*I came to appreciate movement variability and adaptability under the guidance of my mentor who leads the McMaster Contemporary Acupuncture Program.

WEHL: Many of us are no stranger to tightness in our upper bodies. What are some of the main causes of neck, shoulder and upper back tension?

JK:

Posture!

  • The way we sit or stand at our computer desks (yes standing desks also create issues), our tablets, or cellphones – it’s not only about the fact that most people hunch forward or poke their chins out at the computer but that they do this for long periods of time. We aren’t meant to be in any posture for any length of time and it is to our benefit to move regularly throughout the day. Even just getting up and taking a quick walk around the office, moving the head and neck around and reaching arms up overhead a few times is enough to help combat the tension we develop in our upper body (do this at least every hour you are at your desk!)

 Other places to think about posture include:

  • The way we sit to eat
  • Sitting or lying on the couch
  • While driving – bucket seats and improper seat/steering wheel set up encourage a slouched and forward head posture, think sitting tall in the car as well, and if needed place a small pillow or rolled towel behind your back

Stress is another huge factor that plays into neck, shoulder and upper back tension. Many people, if not all, who come into my clinic for treatment will say that they carry all their stress there. Stress management is something we all need not only for tension but for overall wellness as chronic stress negatively affects our whole system. Diaphragmatic breathing (belly breathing) is one great way to steer tension away from the neck and shoulders and also calm our nervous system which helps to relieve the effects of stress on the body.

WEHL: How can we work to minimize and prevent neck, shoulder and upper back tension?

JK:

  • Regular movement throughout the day, in ranges that are different that your day to day posture (i.e. lift arms overhead, make circles with the arms, get into some deep squatting, gently get into some twisting movements of the neck and back as well as side to side bending, etc)
  • Slow and deep belly breathing to help steer tension away from the neck and shoulders and calm your whole system (stress also creates shallow breaths which then puts the work of breathing on the muscles of the neck, shoulder and upper back, adding to tension)

WEHL: Do you have any exercises or stretches that we could do during our workday to help?

JK: Thinking from the top down – start with sitting tall and tucking the chin in slightly, tilt the shoulder blades back and hold.

 Neck Movements:

  • Move your head to look up and down side to side (over your shoulders), and side bend ear toward your shoulder (don’t shrug the shoulder up). 10 times in each direction.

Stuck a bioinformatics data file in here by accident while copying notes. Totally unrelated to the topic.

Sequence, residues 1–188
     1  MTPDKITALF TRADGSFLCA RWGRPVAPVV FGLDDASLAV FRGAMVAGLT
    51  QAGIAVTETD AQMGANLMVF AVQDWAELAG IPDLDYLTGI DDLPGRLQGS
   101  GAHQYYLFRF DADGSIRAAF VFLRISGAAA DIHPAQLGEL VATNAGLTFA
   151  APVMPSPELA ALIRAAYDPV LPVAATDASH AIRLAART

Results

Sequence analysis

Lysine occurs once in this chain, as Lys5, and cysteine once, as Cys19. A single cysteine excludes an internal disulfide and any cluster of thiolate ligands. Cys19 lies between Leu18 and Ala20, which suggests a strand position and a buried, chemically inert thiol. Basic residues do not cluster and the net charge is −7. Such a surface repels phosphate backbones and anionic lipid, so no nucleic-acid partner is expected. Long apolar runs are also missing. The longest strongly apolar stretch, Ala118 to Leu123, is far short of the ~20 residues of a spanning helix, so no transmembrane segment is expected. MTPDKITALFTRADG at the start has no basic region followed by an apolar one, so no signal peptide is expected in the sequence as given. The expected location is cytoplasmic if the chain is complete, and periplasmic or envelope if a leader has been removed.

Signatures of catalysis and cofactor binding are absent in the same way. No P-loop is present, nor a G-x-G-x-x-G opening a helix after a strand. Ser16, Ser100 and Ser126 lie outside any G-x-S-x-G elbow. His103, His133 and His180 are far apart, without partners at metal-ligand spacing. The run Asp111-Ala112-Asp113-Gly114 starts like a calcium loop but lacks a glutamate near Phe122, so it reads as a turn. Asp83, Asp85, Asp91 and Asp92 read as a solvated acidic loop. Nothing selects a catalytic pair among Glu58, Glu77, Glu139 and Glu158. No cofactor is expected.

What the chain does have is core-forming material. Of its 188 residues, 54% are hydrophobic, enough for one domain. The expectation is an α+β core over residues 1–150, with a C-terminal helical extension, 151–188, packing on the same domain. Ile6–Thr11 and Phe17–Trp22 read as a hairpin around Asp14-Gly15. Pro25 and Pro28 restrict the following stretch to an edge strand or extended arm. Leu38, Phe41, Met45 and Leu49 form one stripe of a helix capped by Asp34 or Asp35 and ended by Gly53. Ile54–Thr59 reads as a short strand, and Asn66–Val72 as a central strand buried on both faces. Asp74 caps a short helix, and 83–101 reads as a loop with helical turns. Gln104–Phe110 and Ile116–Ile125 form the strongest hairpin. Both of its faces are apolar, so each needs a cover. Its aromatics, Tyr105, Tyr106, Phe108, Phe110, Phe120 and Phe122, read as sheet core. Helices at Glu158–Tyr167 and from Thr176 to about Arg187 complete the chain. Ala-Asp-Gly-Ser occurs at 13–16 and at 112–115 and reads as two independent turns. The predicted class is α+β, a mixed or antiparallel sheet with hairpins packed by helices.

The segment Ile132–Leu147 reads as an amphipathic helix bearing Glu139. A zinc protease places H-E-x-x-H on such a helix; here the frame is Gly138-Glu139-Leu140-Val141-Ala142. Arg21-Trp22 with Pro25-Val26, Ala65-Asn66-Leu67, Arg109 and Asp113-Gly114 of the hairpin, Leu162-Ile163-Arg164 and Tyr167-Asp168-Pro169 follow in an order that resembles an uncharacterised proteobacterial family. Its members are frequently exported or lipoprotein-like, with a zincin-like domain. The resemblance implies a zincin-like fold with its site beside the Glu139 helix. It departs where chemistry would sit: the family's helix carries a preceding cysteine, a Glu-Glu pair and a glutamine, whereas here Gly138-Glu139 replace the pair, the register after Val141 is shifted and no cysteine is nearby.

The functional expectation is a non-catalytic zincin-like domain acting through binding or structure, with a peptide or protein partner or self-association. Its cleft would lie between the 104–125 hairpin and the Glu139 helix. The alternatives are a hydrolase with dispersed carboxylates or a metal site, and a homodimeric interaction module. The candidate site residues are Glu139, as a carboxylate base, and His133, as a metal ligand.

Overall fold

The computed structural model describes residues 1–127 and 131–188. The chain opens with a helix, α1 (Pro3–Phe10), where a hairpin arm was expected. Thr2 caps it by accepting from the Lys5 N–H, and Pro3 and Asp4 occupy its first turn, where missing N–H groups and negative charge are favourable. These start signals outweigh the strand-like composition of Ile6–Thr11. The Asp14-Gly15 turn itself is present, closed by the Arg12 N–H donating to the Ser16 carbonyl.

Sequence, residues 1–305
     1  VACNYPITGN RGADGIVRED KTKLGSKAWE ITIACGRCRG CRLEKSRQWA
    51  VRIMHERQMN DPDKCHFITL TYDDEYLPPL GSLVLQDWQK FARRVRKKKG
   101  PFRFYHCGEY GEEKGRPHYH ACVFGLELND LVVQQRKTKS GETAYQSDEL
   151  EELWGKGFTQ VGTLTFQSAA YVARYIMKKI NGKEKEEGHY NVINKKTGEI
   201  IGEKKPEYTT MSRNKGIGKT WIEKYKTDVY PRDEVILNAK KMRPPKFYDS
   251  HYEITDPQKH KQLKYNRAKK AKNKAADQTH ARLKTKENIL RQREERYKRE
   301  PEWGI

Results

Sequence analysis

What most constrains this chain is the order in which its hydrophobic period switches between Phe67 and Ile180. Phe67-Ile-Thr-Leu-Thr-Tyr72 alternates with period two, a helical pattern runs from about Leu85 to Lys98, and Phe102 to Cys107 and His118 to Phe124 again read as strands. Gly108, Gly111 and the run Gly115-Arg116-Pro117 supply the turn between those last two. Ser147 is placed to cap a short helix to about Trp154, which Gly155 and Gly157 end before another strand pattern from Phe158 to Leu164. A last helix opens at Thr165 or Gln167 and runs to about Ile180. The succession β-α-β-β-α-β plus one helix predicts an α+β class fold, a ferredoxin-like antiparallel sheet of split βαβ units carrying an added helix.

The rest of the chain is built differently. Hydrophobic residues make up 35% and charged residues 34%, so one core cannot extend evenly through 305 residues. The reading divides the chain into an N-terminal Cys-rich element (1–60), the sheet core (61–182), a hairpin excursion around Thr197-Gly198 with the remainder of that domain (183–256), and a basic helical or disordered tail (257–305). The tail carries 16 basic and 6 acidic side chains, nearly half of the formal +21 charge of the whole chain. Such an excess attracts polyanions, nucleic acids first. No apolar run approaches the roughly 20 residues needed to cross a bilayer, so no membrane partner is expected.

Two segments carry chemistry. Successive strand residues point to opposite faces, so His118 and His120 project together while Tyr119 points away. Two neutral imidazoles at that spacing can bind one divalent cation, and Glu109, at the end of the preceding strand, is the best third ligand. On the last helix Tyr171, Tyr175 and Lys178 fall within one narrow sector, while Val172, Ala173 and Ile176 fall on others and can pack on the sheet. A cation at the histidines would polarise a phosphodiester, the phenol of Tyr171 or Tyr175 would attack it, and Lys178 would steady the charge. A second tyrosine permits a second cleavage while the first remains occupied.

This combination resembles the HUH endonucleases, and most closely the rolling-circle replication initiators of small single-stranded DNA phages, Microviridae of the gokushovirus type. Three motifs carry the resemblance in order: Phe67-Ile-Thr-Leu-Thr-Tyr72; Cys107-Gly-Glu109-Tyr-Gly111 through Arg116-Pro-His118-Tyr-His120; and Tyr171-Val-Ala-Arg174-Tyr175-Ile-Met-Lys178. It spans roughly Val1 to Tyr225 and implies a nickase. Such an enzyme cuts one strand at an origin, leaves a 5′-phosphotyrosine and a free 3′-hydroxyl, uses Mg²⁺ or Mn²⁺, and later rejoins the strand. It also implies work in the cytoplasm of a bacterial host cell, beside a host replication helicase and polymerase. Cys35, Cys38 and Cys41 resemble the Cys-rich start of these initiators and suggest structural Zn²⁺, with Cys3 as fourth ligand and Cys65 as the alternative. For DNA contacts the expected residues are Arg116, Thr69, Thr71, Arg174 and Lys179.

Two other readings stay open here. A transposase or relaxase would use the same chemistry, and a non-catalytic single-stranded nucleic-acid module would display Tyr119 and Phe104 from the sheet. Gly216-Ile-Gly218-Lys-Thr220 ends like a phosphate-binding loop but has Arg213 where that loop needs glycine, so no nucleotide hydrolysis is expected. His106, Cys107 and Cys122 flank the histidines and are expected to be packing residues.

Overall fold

Shoulder Movements:

    • Roll the shoulders forward and back like you are drawing circles with the tip of the shoulder – make sure you roll as much backwards as you do forward. 10 times in each direction

    • Stretch the arms out to the side and draw big circles with your arms forward and backward. 10 times in each direction

    • Bend the elbows so palms are facing forward, elbows at shoulder height and press the arms up and down keeping them in line with the side of your body (don’t let them come forward). 10 reps

    • Pec Stretch – have the arm below or above shoulder height to stretch different parts of the muscle. Hold for 5 breaths each.

 

Upper Back

  • Squeeze shoulder blades together like you are pinching a pencil between them then round them forward and breathe into the space between them- 10 times in each direction (think cat – cow but in sitting)
  • Cross your arms over your chest then rotate your torso as far as you can side to side without letting your hips twist. Exhale as you rotate and inhale to come back to centre. 10 times in each direction.

Image source: Physiotech

WEHL: How does our breathing relate to neck and upper back tension?

JK: Breath has a huge influence on our entire body. Short “apical” breaths or high chest breathing, puts a lot more of the work of breathing into the muscles of the neck and shoulders. Because we breathe all day, if these muscles are driving our breath then they are working all day and slowly tightening over time. This also tells our body that we should be in a state of “fight of flight” or otherwise a state of stress, which results in a protective posture of shrugged shoulders and shortening through the neck and upper back – think turtle shrinking into its shell.

WEHL: Do you have a breathing exercise you can share with us to help relieve tension?